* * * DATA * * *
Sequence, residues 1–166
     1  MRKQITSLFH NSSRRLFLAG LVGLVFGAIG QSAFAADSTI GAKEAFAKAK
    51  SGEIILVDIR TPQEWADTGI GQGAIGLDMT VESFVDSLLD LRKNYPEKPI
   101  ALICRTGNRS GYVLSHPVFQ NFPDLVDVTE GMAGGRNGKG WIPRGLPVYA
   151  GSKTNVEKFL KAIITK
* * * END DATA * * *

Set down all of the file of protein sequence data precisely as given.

Sequence, residues 1–166
     1  MRKQITSLFH NSSRRLFLAG LVGLVFGAIG QSAFAADSTI GAKEAFAKAK
    51  SGEIILVDIR TPQEWADTGI GQGAIGLDMT VESFVDSLLD LRKNYPEKPI
   101  ALICRTGNRS GYVLSHPVFQ NFPDLVDVTE GMAGGRNGKG WIPRGLPVYA
   151  GSKTNVEKFL KAIITK